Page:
Before you begin to configure the backup selection policy for the OSPF protocol:

  • Configure the router interfaces. See the Junos OS Network Management Administration Guide for Routing Devices.

  • Configure an interior gateway protocol or static routing. See the Junos OS Routing Protocols Library for Routing Devices.

To configure the backup selection policy for the OSPF protocol:

  1. Configure per-packet load balancing.
  2. Enable RSVP on all the interfaces.
  3. Configure administrative groups.
  4. Configure srlg values.
  5. Enable MPLS on all the interfaces.
  6. Apply MPLS to an interface configured with an administrative group.
  7. Configure the ID of the router.
  8. Apply the routing policy to all equal cost multipaths exported from the routing table to the forwarding table.
  9. Enable link protection and configure metric values on all the interfaces for an area.
  10. Configure the administrative group of the backup selection policy for an IP address.

    You can choose to exclude, include all, include any, or prefer the administrative groups from the backup path.

    • Specify the administrative group to be excluded.

      The backup path is not selected as the loop-free alternate (LFA) or backup nexthop if any of the links in the path have any one of the listed administrative groups.

      For example, to exclude the group c1 from the administrative group:

    • Configure all the administrative groups if each link in the backup path requires all the listed administrative groups in order to accept the path.

      For example, to set all the administrative groups if each link requires all the listed administrative groups in order to accept the path:

    • Configure any administrative group if each link in the backup path requires at least one of the listed administrative groups in order to select the path.

      For example, to set any administrative group if each link in the backup path requires at least one of the listed administrative groups in order to select the path:

    • Define an ordered set of an administrative group that specifies the preference of the backup path.



      The leftmost element in the set is given the highest preference.

      For example, to set an ordered set of an administrative group that specifies the preference of the backup path:

  11. Configure the backup path to allow the selection of the backup next hop only if the bandwidth is greater than or equal to the bandwidth of the primary next hop.
  12. Configure the backup path to specify the metric from the one-hop neighbor or from the remote router such as an RSVP backup label-switched-path (LSP) tail-end router to the final destination.

    The destination metric can be either highest or lowest.

    • Configure the backup path that has the highest destination metric.

    • Configure the backup path that has the lowest destination metric.

  13. Configure the backup path that is a downstream path to the destination.
  14. Set the order of preference of the root and the destination metric during backup path selection.

    The preference order can be :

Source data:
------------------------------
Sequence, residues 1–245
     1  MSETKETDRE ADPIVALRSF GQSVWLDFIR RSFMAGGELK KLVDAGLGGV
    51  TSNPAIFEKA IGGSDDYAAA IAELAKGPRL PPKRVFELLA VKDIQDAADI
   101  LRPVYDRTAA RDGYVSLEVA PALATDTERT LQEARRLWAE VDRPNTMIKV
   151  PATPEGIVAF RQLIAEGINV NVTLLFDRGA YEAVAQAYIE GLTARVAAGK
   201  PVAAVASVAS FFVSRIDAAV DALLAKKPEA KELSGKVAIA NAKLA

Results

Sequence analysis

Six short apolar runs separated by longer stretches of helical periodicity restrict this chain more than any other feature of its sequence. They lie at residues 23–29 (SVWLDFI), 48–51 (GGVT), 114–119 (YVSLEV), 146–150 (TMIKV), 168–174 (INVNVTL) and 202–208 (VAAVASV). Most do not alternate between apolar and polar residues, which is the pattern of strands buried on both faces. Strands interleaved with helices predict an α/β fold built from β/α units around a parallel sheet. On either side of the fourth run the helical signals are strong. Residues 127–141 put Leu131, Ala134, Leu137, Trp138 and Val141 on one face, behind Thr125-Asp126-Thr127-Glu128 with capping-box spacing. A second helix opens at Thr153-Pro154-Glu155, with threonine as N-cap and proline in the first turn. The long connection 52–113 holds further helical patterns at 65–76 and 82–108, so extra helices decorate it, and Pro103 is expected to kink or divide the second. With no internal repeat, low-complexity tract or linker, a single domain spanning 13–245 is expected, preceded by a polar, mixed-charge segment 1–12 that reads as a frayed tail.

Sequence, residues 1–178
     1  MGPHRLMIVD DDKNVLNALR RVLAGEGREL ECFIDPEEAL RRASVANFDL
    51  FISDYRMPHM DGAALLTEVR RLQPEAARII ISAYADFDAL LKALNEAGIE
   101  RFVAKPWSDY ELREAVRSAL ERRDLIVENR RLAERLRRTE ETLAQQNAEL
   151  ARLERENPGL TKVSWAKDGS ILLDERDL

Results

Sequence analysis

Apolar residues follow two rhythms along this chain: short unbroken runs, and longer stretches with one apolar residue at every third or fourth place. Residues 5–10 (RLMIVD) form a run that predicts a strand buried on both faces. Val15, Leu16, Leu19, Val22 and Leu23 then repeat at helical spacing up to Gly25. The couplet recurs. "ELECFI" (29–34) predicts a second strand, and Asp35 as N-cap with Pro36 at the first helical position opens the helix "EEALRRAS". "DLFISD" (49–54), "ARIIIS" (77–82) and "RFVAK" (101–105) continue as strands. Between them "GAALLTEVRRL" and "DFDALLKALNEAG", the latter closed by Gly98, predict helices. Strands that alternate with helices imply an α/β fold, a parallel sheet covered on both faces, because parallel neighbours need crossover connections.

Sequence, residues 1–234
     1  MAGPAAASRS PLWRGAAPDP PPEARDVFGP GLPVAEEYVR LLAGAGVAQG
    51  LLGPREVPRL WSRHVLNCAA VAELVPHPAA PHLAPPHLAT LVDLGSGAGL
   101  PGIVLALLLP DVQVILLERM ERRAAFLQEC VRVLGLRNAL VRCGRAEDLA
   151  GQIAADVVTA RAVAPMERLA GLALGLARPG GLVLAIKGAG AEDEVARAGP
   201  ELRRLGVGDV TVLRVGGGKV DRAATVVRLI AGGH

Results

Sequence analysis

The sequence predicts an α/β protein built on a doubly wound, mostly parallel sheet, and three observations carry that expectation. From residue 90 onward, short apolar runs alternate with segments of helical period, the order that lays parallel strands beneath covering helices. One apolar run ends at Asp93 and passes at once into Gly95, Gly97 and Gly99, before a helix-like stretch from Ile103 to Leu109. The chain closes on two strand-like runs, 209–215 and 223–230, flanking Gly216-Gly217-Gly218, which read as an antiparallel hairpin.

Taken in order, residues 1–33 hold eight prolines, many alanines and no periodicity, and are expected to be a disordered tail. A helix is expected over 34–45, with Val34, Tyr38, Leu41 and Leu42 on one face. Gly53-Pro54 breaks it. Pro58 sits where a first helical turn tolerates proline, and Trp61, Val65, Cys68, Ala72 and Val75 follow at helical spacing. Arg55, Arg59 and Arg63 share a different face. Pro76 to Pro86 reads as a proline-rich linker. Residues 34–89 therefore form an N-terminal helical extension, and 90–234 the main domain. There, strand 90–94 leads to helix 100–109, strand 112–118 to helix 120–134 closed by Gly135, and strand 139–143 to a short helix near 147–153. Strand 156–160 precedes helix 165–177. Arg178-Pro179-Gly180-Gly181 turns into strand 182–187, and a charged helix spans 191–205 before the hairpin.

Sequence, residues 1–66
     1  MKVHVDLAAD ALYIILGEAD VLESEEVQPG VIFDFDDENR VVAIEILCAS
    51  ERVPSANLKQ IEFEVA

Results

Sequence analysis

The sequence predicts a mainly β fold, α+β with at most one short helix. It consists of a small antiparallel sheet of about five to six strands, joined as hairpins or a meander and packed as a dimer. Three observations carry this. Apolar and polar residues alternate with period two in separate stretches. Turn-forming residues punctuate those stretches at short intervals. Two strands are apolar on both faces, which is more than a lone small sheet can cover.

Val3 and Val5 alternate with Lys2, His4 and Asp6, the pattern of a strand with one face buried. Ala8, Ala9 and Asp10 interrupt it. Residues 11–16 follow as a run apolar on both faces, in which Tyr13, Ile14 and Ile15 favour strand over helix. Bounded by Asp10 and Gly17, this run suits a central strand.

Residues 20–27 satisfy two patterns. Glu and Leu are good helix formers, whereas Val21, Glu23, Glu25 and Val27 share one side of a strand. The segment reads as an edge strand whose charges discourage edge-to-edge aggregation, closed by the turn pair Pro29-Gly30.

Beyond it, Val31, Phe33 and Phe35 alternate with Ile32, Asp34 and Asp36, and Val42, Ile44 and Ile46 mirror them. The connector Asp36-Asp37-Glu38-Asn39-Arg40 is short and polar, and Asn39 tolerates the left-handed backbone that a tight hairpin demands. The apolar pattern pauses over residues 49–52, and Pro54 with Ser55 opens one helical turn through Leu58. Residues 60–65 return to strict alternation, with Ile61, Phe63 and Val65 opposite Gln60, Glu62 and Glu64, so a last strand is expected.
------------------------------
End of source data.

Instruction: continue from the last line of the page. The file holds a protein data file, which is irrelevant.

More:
• [root dest] — Backup path selection or preference is first based on the root-metric criteria. If the criteria of all the root-metric is the same, then the selection or preference is based on the dest-metric.

    • [dest root] — Backup path selection or preference is first based on the dest-metric criteria. If the criteria of all the dest-metric is the same, then the selection is based on the root-metric.

  15. Configure the backup path to define a list of loop-back IP addresses of the adjacent neighbors to either exclude or prefer in the backup path selection.

    The neighbor can be a local (adjacent router) neighbor, remote neighbor, or any other router in the backup path.

    • Configure the list of neighbors to be excluded.

      The backup path that has a router from the list is not selected as the loop-free alternative or backup next hop.

    • Configure an ordered set of neighbors to be preferred.

      The backup path having the leftmost neighbor is selected.

  16. Configure the backup path to specify the required protection type of the backup path to be link, node, or node-link.
    • Select the backup path that provides link protection.

    • Select the backup path that provides node protection.

    • Select the backup path that allows either node or link protection LFA where node-protection LFA is preferred over link-protection LFA.

  17. Specify the metric to the one-hop neighbor or to the remote router such as an RSVP backup label-switched-path (LSP) tail-end router.
    • Select the path with highest root metric.

    • Select the path with lowest root metric.

  18. Configure the backup selection path to either allow or reject the common shared risk link groups (SRLGs) between the primary link and each link in the backup path.
    • Configure the backup path to allow common srlgs between the primary link and each link in the backup path.

      A backup path with a fewer number of srlg collisions is preferred.

    • Configure the backup path to reject the backup path that has common srlgs between the primary next-hop link and each link in the backup path.

  19. Configure the backup path to control the order and the criteria of evaluating the backup path based on the administrative group, srlg, bandwidth, protection type, node, and metric.

    The default order of evaluation is admin-group, srlg, bandwidth, protection-type, node, and metric.

Topology-Independent Loop-Free Alternate with Segment Routing for OSPF

Understanding Topology-Independent Loop-Free Alternate with Segment Routing for OSPF